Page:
Before this opinion examines ALJ Harmon's decision, it is necessary to address the new evidence that Foster attempts to introduce in his motion for summary judgment. In support of his argument that his asthma attacks are more significant than ALJ Harmon credited, Foster cites newly-produced medical records from the years 2010, 2011 and 2012 (F. Mem. Exs. 1-6).*fn5 But because the ALJ hearing was held in December 2009, those records were obviously not a part of ALJ Harmon's decision.

As a general matter, this Court's review of an ALJ decision is limited to the administrative record. When new evidence is presented, there is a limited provision for remand under 42 U.S.C. §405(g) (often referred to as "sentence six"). Under sentence six Schmidt v. Barnhart, 395 F.3d 737, 741-42 (7th Cir. 2005), internal quotation marks and citations omitted) prescribes:

A reviewing court may order additional evidence to be taken before the Commissioner upon a showing that there exists new evidence which is material and that there is good cause for the failure to incorporate such evidence into the record in a prior proceeding. Evidence is "new" if it was not in existence or available to the claimant at the time of the administrative proceeding. New evidence is "material" if there is a reasonable probability that the ALJ would have reached a different conclusion had the evidence been considered. Thus, new evidence is material only if it is relevant to the claimant's condition during the relevant time period encompassed by the disability application under review.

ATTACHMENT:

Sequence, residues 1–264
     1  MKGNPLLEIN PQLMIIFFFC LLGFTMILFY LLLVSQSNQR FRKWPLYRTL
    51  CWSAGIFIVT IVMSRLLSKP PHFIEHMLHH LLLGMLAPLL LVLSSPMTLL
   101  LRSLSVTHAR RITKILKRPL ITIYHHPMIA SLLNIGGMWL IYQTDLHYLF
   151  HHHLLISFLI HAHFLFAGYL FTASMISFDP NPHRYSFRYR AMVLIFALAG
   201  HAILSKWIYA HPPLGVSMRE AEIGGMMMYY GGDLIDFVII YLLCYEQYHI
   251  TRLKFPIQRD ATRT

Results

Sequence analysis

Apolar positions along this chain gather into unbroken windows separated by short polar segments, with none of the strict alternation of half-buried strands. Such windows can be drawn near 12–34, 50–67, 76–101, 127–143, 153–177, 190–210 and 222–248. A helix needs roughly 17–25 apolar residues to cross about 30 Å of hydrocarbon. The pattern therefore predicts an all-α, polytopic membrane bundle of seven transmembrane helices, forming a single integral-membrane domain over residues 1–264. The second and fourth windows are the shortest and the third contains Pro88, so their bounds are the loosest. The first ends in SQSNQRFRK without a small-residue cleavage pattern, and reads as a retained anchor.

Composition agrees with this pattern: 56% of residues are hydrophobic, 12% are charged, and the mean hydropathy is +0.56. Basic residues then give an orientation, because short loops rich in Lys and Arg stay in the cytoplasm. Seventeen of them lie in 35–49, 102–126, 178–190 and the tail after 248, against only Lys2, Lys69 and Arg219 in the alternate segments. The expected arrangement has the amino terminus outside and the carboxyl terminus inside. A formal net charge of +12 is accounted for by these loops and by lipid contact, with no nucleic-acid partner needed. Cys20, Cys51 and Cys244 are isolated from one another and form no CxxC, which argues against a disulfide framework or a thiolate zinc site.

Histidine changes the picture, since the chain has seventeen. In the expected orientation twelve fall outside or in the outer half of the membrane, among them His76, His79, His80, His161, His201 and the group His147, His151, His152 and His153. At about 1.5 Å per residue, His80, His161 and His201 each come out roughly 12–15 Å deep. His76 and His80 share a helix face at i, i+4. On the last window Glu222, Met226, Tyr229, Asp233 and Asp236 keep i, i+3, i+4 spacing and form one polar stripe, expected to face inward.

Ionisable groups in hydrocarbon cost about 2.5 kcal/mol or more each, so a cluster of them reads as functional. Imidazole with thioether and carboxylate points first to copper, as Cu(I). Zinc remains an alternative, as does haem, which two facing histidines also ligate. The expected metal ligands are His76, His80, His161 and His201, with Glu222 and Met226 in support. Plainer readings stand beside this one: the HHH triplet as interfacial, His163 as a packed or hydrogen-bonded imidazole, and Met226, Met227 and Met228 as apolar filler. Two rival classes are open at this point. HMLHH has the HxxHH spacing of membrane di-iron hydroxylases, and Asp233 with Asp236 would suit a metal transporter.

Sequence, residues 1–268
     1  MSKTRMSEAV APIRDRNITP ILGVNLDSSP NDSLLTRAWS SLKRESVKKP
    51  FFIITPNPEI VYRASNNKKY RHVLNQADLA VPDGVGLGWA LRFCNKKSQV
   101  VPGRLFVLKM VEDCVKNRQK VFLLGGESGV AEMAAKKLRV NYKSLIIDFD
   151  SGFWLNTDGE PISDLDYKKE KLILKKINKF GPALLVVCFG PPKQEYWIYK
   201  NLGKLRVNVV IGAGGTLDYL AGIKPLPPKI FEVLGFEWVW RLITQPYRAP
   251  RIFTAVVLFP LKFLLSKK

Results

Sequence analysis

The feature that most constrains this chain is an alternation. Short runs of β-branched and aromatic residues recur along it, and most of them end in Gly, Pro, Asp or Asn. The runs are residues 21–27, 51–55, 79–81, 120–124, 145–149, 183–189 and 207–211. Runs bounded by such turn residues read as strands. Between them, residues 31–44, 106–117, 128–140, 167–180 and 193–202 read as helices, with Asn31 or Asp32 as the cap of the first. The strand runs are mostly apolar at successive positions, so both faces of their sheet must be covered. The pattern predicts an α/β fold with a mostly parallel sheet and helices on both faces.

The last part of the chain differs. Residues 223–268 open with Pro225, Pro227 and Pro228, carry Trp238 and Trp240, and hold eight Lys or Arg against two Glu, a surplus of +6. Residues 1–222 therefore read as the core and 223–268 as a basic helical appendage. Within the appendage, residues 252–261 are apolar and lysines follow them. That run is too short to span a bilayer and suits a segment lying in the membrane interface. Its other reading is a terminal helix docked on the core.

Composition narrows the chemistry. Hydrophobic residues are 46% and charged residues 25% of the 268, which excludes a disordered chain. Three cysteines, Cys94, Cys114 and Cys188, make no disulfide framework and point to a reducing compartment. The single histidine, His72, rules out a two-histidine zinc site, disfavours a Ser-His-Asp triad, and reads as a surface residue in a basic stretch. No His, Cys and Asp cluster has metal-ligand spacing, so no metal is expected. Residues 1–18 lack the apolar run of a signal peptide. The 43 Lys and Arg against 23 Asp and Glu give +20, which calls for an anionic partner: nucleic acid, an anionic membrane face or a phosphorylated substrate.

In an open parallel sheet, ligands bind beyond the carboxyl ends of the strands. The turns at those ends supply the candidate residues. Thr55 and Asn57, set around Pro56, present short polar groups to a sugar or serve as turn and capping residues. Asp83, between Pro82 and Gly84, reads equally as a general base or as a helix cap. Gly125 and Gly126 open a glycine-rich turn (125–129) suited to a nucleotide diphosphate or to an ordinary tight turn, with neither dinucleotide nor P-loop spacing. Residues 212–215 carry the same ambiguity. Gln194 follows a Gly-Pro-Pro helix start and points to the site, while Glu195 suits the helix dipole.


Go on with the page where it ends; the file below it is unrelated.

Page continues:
Foster has not expressly requested a sentence six remand. But even if he had, his post-hearing submission of medical records does not meet the requirements for remand.

For example, Foster has presented new evidence documenting multiple hospital visits for his asthma since 2009 plus evidence that he is now additionally under the care of a gastroenterologist (F. Mem. Exs. 1-6), attempting to show that the frequency of his asthma attacks now exceeds that required by the listing. But what controls is how frequent Foster's attacks were before the hearing, an issue that is not informed by evidence that he frequently sought treatment after the hearing (Schmidt, 395 F.3d at 742, citing cases). Those newly presented medical records, not presented to and considered by the ALJ, cannot be considered by this Court and cannot be a basis for remand.

Foster's reply memorandum also attaches numerous medical records documenting his condition before the hearing date (F. R. Mem. Exs. 1-2). But those records were already part of the administrative record and were already under ALJ Harmon's consideration, as is evidenced by the fact that they already contain the page numbers of the administrative record. Hence those records are not "new evidence" and must be viewed as having been considered with the rest of the already-existing administrative record.